( we have the generic which is cheaper FYI)I will throw this one in real quick because it’s a little different. We recommend this product for a pre-emergent application at the time of seeding. It will suppress certain weeds in your grow in. If you are new and inexperienced, DO NOT think you have to use this – your results will be ok without it. But if you do use it, people think they can just spray it anytime they want and this is not true.

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You can spray it anytime you want leading up to seed day, and on seed day, but once your seeds germinate, you should NOT spray it again until the new gras has been mowed 2-4 times or 4 weeks whichever is longer.

So to be clear – you can apply this up to seeding, but once the seed germinates (4-5 days for rye, up to 21 days for bluegrass) you should NOT apply it to weeds until the new turf has been mowed 2-4 times or 4 weeks, whichever is longer. This is because baby grass is weak and can’t withstand/tolerate mesotrione .

Reading The Label – Speed Zone – Red Label

This is another weed control I have recommended heavily and they list right on the label in clear printing how long to wait until you seed. Keep in mind, this product has an 85F degree temp restriction anyway so many of you would not be using it in summer, but in case you did, here is the wait time after app before seeding:

Reading the Label – Quincept – New Farm

Ok now just as I make everything seem like it’s as simple as reading the label, NuFarm (who I love) comes in and just leaves it off their Quincept label completely . Maybe someone from NuFarm can Tweet me and let me know why y’all have left this off your label for so many years… is there a typo you have not corrected? I have read and read the label and this is all I can find – it’s all about “spraying after you seed” but nothing about “spraying before you seed.”

You can read that all you want, backward and forward and it only tells you about “after” seeding. And since I have recommended this weed control so heavily this year I feel like I need to provide an answer.

First off, when I worked for TruGreen ChemLawn, Quincept was our go-to weed control for summer and I remember that every year that right around 3 weeks before overseeding time we would get a memo telling us to cut off the Quincept use. The memo would come early but would read “stop spraying Quincept 2 weeks prior to starting your overseedings for customers.”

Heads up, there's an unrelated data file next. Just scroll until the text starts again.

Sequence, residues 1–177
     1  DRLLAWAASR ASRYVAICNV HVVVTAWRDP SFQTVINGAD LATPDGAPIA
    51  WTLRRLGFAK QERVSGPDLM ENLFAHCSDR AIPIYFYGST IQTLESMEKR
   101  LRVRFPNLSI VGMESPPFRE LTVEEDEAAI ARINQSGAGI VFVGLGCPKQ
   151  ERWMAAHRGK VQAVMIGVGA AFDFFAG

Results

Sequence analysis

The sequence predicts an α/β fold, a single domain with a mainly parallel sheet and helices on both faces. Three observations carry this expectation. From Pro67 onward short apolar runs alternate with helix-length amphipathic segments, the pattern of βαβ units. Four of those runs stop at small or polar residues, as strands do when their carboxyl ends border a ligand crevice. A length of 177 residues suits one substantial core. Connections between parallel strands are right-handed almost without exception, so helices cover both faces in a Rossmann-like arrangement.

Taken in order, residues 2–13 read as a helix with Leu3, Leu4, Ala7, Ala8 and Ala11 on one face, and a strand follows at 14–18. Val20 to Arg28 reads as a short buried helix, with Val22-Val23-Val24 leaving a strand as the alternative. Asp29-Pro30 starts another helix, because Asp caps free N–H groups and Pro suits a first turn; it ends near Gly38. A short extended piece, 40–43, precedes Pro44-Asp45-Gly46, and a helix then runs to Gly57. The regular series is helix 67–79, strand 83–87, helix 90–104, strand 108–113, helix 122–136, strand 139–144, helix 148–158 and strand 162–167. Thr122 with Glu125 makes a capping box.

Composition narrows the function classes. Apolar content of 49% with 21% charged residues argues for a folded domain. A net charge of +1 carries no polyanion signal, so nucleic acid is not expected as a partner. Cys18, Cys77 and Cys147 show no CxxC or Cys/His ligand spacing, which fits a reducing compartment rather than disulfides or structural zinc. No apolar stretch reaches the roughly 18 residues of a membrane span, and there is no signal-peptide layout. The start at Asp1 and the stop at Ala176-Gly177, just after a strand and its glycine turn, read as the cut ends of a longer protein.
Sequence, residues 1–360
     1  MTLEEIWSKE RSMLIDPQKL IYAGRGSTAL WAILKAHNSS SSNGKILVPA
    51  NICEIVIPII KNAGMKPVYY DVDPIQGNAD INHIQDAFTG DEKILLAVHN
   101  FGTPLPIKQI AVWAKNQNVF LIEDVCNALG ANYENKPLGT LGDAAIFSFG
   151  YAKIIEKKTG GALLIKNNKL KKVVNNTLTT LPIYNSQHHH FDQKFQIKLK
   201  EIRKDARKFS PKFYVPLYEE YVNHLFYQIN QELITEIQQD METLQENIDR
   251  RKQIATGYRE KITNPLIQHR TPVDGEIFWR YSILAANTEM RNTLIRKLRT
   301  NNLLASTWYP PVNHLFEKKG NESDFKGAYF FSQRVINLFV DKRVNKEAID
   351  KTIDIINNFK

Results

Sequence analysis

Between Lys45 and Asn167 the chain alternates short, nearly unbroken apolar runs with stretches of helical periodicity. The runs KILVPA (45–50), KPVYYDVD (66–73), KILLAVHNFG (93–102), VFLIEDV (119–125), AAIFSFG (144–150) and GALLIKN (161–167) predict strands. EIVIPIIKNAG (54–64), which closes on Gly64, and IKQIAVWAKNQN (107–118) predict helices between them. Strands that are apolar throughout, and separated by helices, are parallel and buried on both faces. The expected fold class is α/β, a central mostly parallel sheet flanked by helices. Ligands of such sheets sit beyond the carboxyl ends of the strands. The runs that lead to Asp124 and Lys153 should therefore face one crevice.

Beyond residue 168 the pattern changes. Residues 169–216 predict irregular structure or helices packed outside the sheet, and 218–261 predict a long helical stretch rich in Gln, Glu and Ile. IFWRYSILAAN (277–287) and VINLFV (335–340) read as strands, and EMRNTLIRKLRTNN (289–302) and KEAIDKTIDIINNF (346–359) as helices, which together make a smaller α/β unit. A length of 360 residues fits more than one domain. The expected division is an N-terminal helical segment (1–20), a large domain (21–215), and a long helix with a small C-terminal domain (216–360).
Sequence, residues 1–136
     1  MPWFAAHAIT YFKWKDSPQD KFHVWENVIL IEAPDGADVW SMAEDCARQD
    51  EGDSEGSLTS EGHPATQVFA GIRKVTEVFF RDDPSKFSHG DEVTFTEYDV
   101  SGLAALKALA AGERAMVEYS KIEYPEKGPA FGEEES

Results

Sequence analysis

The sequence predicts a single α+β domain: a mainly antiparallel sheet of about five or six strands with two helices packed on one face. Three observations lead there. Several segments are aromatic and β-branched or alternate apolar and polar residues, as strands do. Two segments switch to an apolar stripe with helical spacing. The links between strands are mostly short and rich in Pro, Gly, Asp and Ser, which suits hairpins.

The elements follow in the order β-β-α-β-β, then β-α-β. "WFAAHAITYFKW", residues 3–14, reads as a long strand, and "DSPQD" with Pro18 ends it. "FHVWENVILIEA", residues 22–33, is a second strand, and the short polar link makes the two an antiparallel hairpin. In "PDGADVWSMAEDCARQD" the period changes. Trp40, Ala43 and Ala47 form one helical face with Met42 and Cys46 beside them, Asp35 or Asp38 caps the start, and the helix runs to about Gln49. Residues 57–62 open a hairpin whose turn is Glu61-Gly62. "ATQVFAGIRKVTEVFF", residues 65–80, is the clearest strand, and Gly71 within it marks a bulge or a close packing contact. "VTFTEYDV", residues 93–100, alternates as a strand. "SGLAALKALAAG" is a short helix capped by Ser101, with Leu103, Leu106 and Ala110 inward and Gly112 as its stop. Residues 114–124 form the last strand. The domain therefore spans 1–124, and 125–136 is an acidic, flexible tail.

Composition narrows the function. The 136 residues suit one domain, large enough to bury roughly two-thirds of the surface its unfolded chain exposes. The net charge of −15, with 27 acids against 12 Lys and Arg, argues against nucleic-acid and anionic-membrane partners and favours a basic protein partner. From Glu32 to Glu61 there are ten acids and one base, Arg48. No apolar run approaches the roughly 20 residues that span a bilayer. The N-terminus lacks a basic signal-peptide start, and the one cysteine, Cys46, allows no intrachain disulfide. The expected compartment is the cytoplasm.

So that is my first clue as to the reseed window – it comes from my experience.

Next, I found a product that is similar to Quincept in that it has the same active ingredients plus one. That is Q4 Plus . It has very similar concentrations of the active ingredients within the Quincept plus one more. That product says this:

In short, if you are using Quincept, wait a minimum of 14 days after application to throw down your grass seed. I had to use some logic with this one and figured I’d share it just in case you are doing all the research and coming up empty. Now you know.

So there you go, all about reading labels for seeding – hope this has helped you and that your seeding will be successful this season!

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Weed control during spring seeding

From April SportsTurf “Q&A with Pamela Sherratt:

Q: We are getting ready to overseed our soccer field this spring. What weed control options are there?

A: Successfully growing cool-season turf from seed in the spring can be a challenge because the weed pressure is so great, which is one if the reasons why the recommended time to do renovation is in the fall. In the real world however, athletic fields are in a constant state of renovation and so seeding is a season-long operation.

Weeds that emerge in spring, like crabgrass, prostrate knotweed, yellow nutsedge, goosegrass and annual bluegrass are particularly troublesome on athletic fields because they can germinate and establish quickly, even on compacted soils. Weed seed present in the soil is laying dormant just waiting for an opportunity under the right environmental and cultural conditions to invade a weakened turf with bare soil. Because weed pressure is so great in the spring and early summer months, it is important that the soil is not disturbed (avoid tilling as this will bring up weed seeds) and that the seedbed be treated with an herbicide that does not adversely affect germination of the desired grass seed.